Polluted Air and Early Death May Be Related

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The newly released 2020 “State of the Air” report by American Lung Association pointed out that the air condition in the US is declining. About 150 million people (almost half of American’s population) are breathing polluted air.


Breathing polluted air can be harmful to people’s health. Exposure to polluted air in a short term may trigger cardiovascular diseases, asthma, etc. But long-term exposure to air pollution is an essential cause of early death among older people, according to a new study.



The new study from Harvard University’s T.H. Chan School of Public Health, published in the journal Science Advances, provided the most comprehensive evidence of a causal link between fine particulate (PM2.5) air pollution and premature death.


PM2.5 are tiny particles in the air, smaller than 2.5 microns in diameter and 30 times smaller in diameter than a human hair. It formed because of burning fuel, chemical reactions, and some natural processes.




The most comprehensive study


Researchers gathered data from 68.5 million Medicare enrollees, which means 97% of Americans over 65 years old, and matched their zip codes and air pollution data across the country. They also considered factors as body mass index, smoking, ethnicity, income, and education background. They intended to study whether polluted air can affect life length.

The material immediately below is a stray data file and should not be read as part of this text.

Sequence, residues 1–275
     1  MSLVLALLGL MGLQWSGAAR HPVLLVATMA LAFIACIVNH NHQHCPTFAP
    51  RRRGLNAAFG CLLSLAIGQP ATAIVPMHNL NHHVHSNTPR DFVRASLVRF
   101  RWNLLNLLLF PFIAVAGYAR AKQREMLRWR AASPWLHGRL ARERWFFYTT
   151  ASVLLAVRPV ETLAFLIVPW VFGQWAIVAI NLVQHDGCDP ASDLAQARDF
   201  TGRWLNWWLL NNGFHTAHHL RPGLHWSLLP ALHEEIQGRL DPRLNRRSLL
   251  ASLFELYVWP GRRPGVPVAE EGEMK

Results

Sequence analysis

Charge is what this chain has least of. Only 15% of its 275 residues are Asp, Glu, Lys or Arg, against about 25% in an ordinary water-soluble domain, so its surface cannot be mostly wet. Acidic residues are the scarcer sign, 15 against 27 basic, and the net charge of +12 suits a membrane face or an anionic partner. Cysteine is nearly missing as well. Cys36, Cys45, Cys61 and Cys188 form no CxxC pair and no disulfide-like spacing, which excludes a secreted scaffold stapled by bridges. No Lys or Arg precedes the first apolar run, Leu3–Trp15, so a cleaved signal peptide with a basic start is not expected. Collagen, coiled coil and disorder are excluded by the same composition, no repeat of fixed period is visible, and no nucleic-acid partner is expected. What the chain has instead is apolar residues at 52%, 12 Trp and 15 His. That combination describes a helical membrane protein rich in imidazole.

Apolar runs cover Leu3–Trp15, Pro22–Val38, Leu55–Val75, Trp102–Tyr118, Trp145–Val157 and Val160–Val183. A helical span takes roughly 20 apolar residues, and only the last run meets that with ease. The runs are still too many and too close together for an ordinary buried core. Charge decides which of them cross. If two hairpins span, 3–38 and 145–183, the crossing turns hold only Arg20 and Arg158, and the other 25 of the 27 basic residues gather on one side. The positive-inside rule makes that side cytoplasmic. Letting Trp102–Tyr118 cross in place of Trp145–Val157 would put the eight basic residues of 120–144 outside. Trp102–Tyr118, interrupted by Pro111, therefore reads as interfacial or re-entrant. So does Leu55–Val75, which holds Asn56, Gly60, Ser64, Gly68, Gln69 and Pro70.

The result showed a causal link between exposure to PM2.5 and mortality among participants, which appeared a same conclusion with previous studies. It was consistent across six different types of analyses used by researchers in this study.



Lower standards of PM 2.5 will save lives


“Current U.S. standards for PM2.5 concentrations are not protective enough and should be lowered to ensure that vulnerable populations, such as the elderly, are safe," said doctoral student Xiao Wu, a co-author of the study.


The study pointed out that 143,257 would be saved in one decade if the US lowered its annual PM2.5 standard from 15~12 μg/m3 to 10 μg/m3.



Different voices from EPA and others


Scientists sent their latest findings and suggestions to the EPA (Environmental Protection Agency), but they did not get a positive feedback. The EPA decided to maintain current national air quality standards.


Bill Magavern, policy director for the Coalition for Clean Air, blamed that “the Trump administration has weakened clean air standards and ignored scientific evidence for stronger particulate matter safeguards.”


An EPA spokesperson responded: "EPA methods for determining air quality, which are based on the Clean Air Act and the latest science, show continued improvements in measures of U.S. air quality in recent years and into the future.”


Although scientists give their suggestions, it seems that there are more factors that need to be considered besides science. But for most people, breathing fresh air is always essential.

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